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Fertilization

Aristotle thought that fluids from the male and female come together and somehow combine, so that form and function emerge only gradually in a way he called epigenetic. The idea of a process of fertilization required first the idea of an egg, so that there was something to be fertilized. Karl Ernst von Baer played an important role here when he observed a mammalian egg for the first time. Chick and frog eggs were big and obvious, but it wasn’t clear whether all organisms had eggs or not. Von Baer thought they must and went looking, offering the first clear description in 1827 with an egg from a dog.[1] Animals start from eggs, it seemed.

Furthermore, those eggs seemed to be fertilized by spermatozoa, yet it took a number of people and many observations to observe that a sperm cell actually combines with an egg cell. George Newport wrote three lengthy descriptions of his observations and experiments to discover how the spermatozoa “impregnate” eggs, concluding that they carry some force of “vitalization,” or process of coming alive.[2] [3] It took a few more decades for Oscar Hertwig to report observations of sperm cells actually entering into, combining with, and thereby fertilizing egg cells. He observed in detail each step of the entry process, as well as appearance of two nuclei and then reduction and division into one nucleus for the fertilized egg.11 By the time of Hertwig’s work in the 1870s, it had become clear that fertilization involves the process of two cells coming together to make one cell.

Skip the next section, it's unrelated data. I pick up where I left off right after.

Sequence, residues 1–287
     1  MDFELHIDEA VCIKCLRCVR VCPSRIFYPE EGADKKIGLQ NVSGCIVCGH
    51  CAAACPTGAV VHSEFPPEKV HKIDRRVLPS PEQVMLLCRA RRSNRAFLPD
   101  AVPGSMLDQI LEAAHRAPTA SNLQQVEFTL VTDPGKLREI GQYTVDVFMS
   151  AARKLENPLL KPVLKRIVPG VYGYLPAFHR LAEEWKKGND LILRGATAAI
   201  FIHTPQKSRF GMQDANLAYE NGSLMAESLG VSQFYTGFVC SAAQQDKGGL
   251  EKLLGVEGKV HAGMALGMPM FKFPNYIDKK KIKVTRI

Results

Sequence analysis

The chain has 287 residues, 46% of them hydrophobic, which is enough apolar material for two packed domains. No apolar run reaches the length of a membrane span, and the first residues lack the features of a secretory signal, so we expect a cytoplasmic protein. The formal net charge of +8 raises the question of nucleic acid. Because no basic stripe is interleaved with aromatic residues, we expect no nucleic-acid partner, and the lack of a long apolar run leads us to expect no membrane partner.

Edmund Beecher’s Atlas of Fertilization and Karyokinesis[4] in 1895 presented the process of fertilization photographically. He showed the details of sea urchin egg cells combining with sperm cells, reduction division of nuclei, chromosomal and cytoplasmic changes in preparation for cell division, and then the process of cleavage itself. One cell divides into two, into four, and so on. Wilson gave his reader photographs, taken in collaboration with the photographer Edward Learning, and sketches of the key details to highlight essential features of the process. By the end of the nineteenth century, it was clear to biologists that an individual organism’s life began as cells, which underwent fertilization and then divided and differentiated into a complex organism. The egg and sperm cell, and the cells resulting from cell division had begun to have a biological life of their own.

  • [1] von Baer (1827).
  • [2] Newport (1851/1853/1854).
  • [3] For discussion of this point, see for example: Churchill (1970).
  • [4] Wilson (1895).
 
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